The Power Revolution
Welcome to The Street View where Actis pools knowledge and investment perspectives drawn from our global network of colleagues, investee companies and external experts.
Our theme this time is how the electricity industry worldwide generates and delivers a cleaner and more cost-efficient future. On the surface this is a mature and capital intensive industry. Yet under the skin there is an industrial revolution at work, one where producers and distributors are harnessing new technology and work practices to boost supply, to ‘decarbonise’ power ecosystems and all whilst inexorably reducing cost. And the pace of change is accelerating every year.
Students of innovation will recognise this pattern. Anyone visiting the Edison Museum in Menlo Park New Jersey will be familiar with the story of innovation moving into application through constant experimentation and cost reduction led by increasing economies of scale. A similar story applies to the Hewlett Packard Garage in Palo Alto California. And even further back in time a visit to the cradle of the first industrial revolution, the Iron Bridge Gorge in Telford, UK fits the pattern. Do visit any one or all of these amazing sites when normal times return.
Technology diffusion – the rate at which technology is adopted – often derives from an increasing reduction in the real cost of supply. What was true for the incandescent lightbulb, the phonograph, the personal computer and even wrought iron, applies today to the power generation and distribution industry. In the pages that follow, our Energy Infrastructure Operations team – led by Barry Lynch – explore how reductions in cost can influence reliability and improve work practices.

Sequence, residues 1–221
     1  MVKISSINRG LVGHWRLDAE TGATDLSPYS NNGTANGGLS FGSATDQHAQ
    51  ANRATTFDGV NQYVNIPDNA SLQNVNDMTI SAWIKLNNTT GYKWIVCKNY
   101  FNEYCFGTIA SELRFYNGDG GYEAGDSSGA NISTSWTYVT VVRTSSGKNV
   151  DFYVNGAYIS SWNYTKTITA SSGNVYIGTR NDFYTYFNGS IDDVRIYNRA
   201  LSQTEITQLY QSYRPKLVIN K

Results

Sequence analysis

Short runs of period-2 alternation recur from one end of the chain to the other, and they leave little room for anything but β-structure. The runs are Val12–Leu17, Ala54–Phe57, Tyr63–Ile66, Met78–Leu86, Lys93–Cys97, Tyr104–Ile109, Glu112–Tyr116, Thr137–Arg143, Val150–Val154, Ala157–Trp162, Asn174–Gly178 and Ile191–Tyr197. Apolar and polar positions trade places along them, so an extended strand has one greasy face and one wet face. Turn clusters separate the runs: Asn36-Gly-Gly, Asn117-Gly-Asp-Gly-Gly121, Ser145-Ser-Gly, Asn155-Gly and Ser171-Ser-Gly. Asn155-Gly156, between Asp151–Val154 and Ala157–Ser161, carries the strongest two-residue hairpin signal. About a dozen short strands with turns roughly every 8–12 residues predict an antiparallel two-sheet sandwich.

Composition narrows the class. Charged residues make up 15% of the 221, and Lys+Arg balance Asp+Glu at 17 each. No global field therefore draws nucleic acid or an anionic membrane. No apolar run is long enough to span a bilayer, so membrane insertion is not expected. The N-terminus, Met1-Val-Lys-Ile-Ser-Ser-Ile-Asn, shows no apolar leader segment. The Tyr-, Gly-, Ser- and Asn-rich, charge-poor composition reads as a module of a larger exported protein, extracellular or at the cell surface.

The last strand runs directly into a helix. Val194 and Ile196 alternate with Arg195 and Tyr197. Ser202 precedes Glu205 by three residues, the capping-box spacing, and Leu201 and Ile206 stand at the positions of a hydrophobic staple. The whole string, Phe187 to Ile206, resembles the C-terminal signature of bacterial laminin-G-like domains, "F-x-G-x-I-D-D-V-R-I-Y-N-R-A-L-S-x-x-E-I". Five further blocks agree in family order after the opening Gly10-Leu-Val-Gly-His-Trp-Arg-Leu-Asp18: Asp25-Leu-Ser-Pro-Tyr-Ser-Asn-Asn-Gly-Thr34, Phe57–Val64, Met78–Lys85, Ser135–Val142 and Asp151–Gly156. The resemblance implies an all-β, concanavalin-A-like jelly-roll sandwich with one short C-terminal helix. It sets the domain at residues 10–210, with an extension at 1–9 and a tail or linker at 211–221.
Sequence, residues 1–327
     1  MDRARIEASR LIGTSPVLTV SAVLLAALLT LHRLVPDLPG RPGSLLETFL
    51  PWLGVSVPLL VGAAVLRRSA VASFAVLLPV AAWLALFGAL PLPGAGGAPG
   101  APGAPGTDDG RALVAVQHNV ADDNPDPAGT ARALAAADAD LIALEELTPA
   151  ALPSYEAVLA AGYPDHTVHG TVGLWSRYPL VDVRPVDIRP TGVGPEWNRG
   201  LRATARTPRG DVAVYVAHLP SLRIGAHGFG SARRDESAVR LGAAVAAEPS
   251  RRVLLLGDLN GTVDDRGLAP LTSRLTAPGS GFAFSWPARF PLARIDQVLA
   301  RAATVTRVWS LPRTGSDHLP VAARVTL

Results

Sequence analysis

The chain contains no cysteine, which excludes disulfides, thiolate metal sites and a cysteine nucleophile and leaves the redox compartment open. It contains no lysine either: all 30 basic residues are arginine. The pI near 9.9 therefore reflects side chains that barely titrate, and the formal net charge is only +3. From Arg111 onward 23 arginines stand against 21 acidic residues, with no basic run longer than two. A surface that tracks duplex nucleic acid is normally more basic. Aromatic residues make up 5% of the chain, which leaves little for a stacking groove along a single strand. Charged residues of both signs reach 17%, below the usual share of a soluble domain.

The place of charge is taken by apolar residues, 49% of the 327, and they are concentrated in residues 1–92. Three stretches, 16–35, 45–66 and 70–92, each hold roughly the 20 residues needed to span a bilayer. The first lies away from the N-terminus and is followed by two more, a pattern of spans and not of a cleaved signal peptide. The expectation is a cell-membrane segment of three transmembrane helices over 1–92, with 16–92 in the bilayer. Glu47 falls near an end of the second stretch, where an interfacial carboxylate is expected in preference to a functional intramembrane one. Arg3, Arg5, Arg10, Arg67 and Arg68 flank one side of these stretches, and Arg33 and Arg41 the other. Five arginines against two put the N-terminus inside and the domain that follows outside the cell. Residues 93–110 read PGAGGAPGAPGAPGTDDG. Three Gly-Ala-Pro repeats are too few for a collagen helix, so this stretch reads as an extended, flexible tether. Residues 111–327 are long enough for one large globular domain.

These solutions are rarely easy to implement. They require deep know-how. I personally believe that the 20-year track record of Actis suggests that the specialist authors contributing to this publication can continue to deliver the returns expected by our clients. (This claim does not apply to your editor!).
A more socially distanced post COVID-19 world needs cleaner, more productive power supply and efficient distribution technologies more than ever. This requires new and efficient distribution networks, enhanced storage capabilities and a continued focus on a cleaner energy mix. The ‘just transition’ to net zero is a laudable aim, but should be one where older industrialised nations do not disadvantage newer economies through imposition of policies largely suited to post-industrial societies. Striking a balance is key to the ‘just’ part of any transition for developing economies – one size does not fit all!
Happily, there are many examples in this edition of new technology benefitting developing economies; in many cases these economies where we operate are well suited to this technology ‘leapfrogging’. Rapid technology adaptation can be easier without legacy infrastructure. The stories of wind and solar application, enhanced storage solutions, of innovative and cost-effective maintenance practices and the implementation of necessary distribution system improvements abound in our activities…and in this edition. This industrial revolution and the associated investment opportunity has much energy left in it.